By Kieran Mulvaney
The blueprint for how to defeat Floyd Mayweather was laid down by Jose Luis Castillo 10 years ago:
Back Floyd Mayweather to the ropes, and keep him pinned there as much as possible. Work to the body. Hit him anywhere you can, just keep hitting him, without winding up and over-committing. Keep him pinned, keep him pressured. Make him uncomfortable.
For the best part of eight rounds on Saturday night in Las Vegas, Miguel Cotto did just that. He tucked his chin, pumped his jab, and used his left hook to keep Mayweather in front of him. And when he had him where he wanted him, he threw combinations, digging to the body and not showing concern when the punches that were aimed for the head glanced off the shoulders of his defensively sublime opponent.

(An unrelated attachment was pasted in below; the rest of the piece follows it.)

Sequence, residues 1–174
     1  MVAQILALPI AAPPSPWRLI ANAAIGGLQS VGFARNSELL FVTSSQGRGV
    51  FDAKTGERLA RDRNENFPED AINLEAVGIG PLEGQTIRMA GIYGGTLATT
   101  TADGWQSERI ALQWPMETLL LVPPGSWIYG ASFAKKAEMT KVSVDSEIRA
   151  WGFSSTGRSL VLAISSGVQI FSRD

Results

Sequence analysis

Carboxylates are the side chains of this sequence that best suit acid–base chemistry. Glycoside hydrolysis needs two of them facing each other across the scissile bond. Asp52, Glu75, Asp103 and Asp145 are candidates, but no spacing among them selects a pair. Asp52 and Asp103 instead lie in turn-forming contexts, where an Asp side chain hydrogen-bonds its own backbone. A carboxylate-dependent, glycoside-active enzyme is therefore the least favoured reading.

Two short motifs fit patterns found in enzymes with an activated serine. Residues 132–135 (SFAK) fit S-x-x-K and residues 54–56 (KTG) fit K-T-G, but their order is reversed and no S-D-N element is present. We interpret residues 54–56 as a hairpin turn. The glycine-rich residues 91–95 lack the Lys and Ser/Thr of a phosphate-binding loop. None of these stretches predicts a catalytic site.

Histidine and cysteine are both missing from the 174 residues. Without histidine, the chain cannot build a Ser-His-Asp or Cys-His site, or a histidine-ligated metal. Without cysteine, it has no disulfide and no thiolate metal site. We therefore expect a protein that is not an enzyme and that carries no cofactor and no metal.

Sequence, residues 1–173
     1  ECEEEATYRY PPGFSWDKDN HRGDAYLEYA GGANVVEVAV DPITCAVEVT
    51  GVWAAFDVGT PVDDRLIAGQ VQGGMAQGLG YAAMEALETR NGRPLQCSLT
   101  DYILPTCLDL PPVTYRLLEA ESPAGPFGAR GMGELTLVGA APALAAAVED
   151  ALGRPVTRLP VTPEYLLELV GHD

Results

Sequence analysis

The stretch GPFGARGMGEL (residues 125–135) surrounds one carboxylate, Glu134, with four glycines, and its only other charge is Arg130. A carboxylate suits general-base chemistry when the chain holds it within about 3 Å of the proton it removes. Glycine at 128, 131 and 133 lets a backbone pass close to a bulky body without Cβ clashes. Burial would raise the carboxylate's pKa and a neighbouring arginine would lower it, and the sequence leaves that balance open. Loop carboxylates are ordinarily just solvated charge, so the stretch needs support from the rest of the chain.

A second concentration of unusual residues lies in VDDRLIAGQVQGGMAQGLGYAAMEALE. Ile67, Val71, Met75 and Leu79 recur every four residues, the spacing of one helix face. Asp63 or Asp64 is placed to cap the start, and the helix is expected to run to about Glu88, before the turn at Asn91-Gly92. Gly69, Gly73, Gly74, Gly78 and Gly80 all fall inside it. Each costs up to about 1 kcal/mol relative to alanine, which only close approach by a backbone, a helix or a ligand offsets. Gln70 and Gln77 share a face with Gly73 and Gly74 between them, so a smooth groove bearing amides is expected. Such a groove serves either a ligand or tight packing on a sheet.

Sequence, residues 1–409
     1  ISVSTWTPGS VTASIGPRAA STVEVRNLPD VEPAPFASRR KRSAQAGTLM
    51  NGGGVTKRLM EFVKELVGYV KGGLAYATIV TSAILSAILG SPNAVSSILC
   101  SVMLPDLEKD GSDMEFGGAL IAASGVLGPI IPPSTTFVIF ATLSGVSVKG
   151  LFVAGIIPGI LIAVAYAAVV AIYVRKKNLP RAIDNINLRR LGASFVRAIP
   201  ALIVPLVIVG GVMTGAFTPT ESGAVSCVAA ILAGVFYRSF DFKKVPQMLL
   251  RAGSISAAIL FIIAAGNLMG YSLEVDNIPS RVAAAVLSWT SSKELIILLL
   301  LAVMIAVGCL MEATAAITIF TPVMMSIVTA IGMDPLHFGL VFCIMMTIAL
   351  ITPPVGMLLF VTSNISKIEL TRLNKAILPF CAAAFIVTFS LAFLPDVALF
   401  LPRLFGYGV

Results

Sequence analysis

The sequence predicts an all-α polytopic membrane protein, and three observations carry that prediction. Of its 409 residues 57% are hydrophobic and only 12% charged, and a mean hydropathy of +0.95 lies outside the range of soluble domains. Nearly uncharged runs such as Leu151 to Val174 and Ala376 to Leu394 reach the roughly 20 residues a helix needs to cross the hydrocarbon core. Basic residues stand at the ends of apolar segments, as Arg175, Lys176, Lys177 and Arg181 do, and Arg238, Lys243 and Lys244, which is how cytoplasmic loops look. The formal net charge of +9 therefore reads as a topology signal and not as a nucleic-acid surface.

He kept trying, kept plugging away, and round by round, he seemed to be steadily making progress. He bloodied Mayweather’s nose, and in the eighth he launched a sustained assault that had the Puerto Rican crowd roaring. Mayweather was smiling and shaking his head, to indicate that the punches weren’t landing cleanly, but for the first time in a decade, Floyd Mayweather was in a fight.